Why Kingdom Hearts Is Dearly Beloved

It’s impossible not to get nostalgic when I think about Kingdom Hearts. Although I dove into the first game when Kingdom Hearts II was about to release, I feel like I’ve been with the series since the beginning. There’s something incredible about this franchise that I can’t get over, and with Kingdom Hearts III on the horizon, I thought I’d go over some of what makes these games so special.

“Dearly Beloved”


It’s been more than 10 years since Kingdom Hearts II released, and although there have been several releases in the series since then, the third true entry kept evading us, mainly because it didn’t exist. Kingdom Hearts III started as a beautiful dream, but as the years passed, became a nightmare that clawed at my heart more harshly with every passing year (so dramatic). 

Now that Kingdom Hearts III has an official release date of January 29, 2019, I can finally put those nightmares to rest. This game is real and it’s only several months until we get to play it ourselves. Let me tell you why I love the Kingdom Hearts series.

“Treasured Memories”


An impulse purchase at Best Buy led to one of the most transformative video game experiences I’ve come across in my 20 plus years of gaming. People constantly talked about how Kingdom Hearts, at its core, didn’t make sense. It still doesn’t more than 15 years later. I mean, how is it supposed to when two radically opposed cultures and storytelling styles are combined? Despite that, it does work. It’s kind of a miracle.

My brothers and I quickly booted up the mysterious game on our PlayStation 2 and were swept away in the dynamic opening that oozed with unique pop charm. Three characters created for Kingdom Hearts (Sora, Riku, and Kairi) were thrown at us out of nowhere and after two minutes of CG animation, singing, drama, lots of water, and artistic bliss, the game finally began.

“Destiny’s Union”


I won’t spend too much time telling you what Kingdom Hearts is since there are plenty of resources for that out there. The briefest way I can explain is that Kingdom Hearts is a video game where the worlds of Disney films and Final Fantasy games blend into one giant, immersive, musically brilliant, visually breathtaking, narrative experience that comes together neatly despite all the contradiction.

I grew up with everything Disney but that wasn’t what drew me to the games. It wasn’t Final Fantasy either since I don’t think I’d played any of them at this point. It was actually Kingdom Hearts that got me into Final Fantasy, with FFX being my first entry in the series. I just felt drawn to Kingdom Hearts after reading up a bit on them online. Maybe it was destiny or maybe I just got lucky.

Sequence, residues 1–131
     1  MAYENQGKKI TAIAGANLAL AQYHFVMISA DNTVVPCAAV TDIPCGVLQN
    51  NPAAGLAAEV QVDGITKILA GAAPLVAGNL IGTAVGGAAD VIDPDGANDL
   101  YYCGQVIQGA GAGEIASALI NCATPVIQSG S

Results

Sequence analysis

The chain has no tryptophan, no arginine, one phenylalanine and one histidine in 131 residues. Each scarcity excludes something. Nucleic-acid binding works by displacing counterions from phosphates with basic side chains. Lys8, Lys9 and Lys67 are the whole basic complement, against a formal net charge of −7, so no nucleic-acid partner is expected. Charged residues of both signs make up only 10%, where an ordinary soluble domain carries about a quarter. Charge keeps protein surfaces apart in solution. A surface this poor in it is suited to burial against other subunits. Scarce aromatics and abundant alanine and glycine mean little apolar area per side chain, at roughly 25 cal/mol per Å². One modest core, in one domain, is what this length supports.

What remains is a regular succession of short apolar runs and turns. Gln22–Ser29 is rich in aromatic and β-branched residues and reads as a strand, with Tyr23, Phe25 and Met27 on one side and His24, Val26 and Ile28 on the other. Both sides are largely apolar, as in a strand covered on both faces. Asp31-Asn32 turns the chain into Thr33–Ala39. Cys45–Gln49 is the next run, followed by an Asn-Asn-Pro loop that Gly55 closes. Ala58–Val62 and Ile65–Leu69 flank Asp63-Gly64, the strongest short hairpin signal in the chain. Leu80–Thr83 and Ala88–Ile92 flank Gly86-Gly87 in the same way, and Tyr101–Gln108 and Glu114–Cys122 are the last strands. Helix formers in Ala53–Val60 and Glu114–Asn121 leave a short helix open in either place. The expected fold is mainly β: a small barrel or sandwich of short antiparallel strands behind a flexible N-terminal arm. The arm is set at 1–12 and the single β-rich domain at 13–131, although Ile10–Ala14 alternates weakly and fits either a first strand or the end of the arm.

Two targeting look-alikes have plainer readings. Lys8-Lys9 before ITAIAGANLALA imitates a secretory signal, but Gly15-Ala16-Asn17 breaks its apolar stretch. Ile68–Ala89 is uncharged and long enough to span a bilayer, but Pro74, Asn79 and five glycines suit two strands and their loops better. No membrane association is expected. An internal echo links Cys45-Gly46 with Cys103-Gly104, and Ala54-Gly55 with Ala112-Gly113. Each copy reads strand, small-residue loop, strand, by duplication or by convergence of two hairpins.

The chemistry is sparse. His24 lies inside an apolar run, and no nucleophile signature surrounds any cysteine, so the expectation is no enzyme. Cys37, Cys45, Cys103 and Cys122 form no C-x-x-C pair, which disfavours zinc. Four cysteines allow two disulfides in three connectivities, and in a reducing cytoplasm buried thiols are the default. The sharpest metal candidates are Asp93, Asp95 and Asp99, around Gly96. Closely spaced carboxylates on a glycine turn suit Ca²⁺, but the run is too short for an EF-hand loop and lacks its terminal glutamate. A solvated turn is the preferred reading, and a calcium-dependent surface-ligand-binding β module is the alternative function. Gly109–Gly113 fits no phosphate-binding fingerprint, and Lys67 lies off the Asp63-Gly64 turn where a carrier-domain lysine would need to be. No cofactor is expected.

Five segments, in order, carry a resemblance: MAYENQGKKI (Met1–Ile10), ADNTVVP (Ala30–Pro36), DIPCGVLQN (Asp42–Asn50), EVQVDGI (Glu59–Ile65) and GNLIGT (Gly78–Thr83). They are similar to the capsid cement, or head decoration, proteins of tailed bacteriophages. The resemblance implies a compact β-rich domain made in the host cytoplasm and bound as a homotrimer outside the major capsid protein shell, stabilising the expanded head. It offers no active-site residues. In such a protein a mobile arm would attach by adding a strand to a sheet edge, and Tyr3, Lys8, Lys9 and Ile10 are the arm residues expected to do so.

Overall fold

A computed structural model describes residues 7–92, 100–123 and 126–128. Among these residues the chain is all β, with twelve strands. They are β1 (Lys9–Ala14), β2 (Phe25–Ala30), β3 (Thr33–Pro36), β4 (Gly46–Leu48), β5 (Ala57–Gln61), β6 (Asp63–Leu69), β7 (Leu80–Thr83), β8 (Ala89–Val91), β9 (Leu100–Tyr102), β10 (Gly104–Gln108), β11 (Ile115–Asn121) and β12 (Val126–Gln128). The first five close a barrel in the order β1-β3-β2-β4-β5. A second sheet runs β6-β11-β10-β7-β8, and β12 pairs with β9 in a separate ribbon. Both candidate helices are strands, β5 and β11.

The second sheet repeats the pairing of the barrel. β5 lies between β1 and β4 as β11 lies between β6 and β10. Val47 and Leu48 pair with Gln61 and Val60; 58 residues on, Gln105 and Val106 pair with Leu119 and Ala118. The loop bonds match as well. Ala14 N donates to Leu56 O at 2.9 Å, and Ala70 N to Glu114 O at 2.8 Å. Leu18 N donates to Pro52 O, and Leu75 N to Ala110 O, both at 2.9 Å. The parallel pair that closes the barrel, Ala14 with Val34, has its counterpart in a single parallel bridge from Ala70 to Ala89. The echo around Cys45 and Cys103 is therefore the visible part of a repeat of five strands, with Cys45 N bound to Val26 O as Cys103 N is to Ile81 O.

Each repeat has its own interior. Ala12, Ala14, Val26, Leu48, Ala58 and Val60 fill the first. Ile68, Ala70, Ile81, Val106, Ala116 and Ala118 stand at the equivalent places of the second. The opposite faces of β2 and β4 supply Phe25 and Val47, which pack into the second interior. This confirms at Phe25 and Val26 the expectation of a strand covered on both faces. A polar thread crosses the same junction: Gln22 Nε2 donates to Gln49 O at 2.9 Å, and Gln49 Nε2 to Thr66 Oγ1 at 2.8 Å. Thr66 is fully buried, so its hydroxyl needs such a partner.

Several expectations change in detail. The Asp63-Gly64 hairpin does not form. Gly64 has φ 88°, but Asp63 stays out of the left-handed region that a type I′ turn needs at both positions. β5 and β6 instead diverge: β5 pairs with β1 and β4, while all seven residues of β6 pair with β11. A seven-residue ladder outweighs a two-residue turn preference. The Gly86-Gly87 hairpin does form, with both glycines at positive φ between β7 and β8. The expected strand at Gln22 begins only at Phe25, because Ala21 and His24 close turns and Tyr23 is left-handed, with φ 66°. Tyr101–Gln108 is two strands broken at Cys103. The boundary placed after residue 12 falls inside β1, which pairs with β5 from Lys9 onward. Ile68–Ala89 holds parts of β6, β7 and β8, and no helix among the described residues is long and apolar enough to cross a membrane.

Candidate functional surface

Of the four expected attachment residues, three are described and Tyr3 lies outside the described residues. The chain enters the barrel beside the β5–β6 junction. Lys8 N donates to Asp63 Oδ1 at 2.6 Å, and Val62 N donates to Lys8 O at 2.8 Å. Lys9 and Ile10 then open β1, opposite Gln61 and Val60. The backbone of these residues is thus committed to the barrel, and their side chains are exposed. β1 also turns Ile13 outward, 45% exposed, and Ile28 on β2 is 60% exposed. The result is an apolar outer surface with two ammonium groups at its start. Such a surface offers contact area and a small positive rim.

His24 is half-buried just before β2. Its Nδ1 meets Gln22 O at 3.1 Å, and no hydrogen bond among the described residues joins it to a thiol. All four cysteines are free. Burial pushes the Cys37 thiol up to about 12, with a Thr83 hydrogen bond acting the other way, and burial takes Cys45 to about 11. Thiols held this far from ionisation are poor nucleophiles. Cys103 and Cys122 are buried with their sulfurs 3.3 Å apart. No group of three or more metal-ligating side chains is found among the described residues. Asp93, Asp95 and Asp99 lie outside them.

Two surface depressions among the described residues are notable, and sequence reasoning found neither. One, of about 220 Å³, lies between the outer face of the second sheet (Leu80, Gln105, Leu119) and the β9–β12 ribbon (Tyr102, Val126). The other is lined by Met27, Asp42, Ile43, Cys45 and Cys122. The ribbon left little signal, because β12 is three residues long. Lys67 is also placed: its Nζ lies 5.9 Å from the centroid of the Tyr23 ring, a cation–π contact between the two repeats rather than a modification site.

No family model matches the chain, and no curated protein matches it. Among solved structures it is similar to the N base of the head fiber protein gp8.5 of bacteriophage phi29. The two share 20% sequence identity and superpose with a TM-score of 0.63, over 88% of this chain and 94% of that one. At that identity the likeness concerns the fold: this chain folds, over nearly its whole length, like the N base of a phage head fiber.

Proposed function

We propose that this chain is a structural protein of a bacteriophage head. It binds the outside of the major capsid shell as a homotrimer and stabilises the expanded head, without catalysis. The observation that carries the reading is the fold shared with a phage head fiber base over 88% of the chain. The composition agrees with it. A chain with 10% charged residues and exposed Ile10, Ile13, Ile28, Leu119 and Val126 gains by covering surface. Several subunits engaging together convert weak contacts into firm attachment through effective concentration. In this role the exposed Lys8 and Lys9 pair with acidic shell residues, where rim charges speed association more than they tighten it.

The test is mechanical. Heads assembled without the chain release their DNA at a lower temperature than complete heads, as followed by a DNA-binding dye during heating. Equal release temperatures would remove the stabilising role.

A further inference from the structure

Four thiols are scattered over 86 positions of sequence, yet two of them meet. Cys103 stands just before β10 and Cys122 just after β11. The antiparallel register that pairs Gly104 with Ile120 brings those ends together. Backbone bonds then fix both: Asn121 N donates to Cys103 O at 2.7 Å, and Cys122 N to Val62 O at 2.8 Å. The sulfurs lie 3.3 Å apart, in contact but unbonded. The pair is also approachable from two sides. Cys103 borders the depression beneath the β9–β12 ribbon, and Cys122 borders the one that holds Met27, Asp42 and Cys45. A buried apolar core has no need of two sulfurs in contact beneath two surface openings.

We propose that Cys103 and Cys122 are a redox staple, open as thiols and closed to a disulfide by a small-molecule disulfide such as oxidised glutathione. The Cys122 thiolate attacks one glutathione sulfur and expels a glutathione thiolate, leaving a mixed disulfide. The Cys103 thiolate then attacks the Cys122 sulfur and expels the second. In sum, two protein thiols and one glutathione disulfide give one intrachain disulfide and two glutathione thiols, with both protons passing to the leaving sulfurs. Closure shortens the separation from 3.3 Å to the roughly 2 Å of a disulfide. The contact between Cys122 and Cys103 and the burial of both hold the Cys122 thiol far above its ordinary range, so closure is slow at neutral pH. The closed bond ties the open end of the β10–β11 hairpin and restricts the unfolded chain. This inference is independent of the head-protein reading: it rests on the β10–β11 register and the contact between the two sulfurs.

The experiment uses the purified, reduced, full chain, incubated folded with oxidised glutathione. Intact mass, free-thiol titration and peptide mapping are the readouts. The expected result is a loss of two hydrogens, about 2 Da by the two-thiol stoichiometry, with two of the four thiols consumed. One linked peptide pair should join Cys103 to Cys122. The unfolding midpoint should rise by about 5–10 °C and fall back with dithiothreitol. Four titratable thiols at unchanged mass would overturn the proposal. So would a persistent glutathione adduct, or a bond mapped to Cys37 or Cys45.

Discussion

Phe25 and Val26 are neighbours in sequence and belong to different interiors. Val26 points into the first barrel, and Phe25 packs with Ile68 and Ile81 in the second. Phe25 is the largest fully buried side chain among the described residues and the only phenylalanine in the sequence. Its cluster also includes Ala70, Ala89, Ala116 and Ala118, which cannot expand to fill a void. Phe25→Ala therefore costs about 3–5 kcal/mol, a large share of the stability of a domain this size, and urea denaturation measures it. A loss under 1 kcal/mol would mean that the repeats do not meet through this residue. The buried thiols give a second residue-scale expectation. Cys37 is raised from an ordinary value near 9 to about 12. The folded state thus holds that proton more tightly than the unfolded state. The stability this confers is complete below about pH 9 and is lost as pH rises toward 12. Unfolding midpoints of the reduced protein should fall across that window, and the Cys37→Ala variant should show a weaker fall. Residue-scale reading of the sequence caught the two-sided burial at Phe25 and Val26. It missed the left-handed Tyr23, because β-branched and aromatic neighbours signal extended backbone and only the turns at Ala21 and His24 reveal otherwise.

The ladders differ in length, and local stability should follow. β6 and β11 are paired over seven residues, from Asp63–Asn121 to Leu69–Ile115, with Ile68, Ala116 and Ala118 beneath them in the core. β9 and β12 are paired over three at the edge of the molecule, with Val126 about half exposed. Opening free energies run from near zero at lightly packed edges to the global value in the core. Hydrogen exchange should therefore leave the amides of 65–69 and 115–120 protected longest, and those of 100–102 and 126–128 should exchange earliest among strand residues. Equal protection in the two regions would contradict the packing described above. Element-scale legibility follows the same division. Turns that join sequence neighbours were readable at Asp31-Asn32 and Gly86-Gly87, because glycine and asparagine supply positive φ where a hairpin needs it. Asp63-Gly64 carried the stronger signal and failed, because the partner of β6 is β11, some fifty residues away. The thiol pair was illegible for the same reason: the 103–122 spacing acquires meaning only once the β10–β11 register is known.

“Dive Into the Heart”


No matter what I write, the words I pick will feel inadequate at describing what this series signifies in my life. It could be that I was still developing as a person as I played through some of the games. It could be that I was a Disney fan from early childhood or that I experienced the series with my family. It could be that it was one of the first story-heavy games I played or maybe it was the transcendent music. Maybe it was a sum of dozens of parts that has got me lovesick for this series.

There’s just something magical and pure about Kingdom Hearts. Sure, there are some crazy complicated plot threads to follow and some nonsensical ideas, but the core feeling of the game really reaches the heart. The stories of searching for lost youth and longing for broken friendships; tales of reconciliation and heartbreak; anything having to do with death and rebirth; you’ll find all of this and more in this series. You can criticize the franchise for several underdeveloped characters or reused narratives but none of that does much to hold back this series.

“Vector to the Heavens”


I just want to talk about some of the music in the KH series for a moment. For me, the score for these games is like no other. I hate to describe it as magical, I really do yet, here I am. It’s really the best word to describe the soundtrack. There’s so much variety in the music and so much feeling that I keep coming back to it to listen year after year.

Composer Yoko Shimomura holds nothing back in her exploration of dark and light, as well as everything in between. I don’t think she gets as much credit as she deserves; her scores rival that of the all-time greats like Zelda’s Koji Kondo and Final Fantasy’s Nobuo Uematsu. No other music makes me feel like hers. Here are some of my favorites from the soundtracks:

Vector to the Heavens

Simple and Clean (Orchestral Instrumental Version)

Rage Awakened

“Fate of the Unknown”


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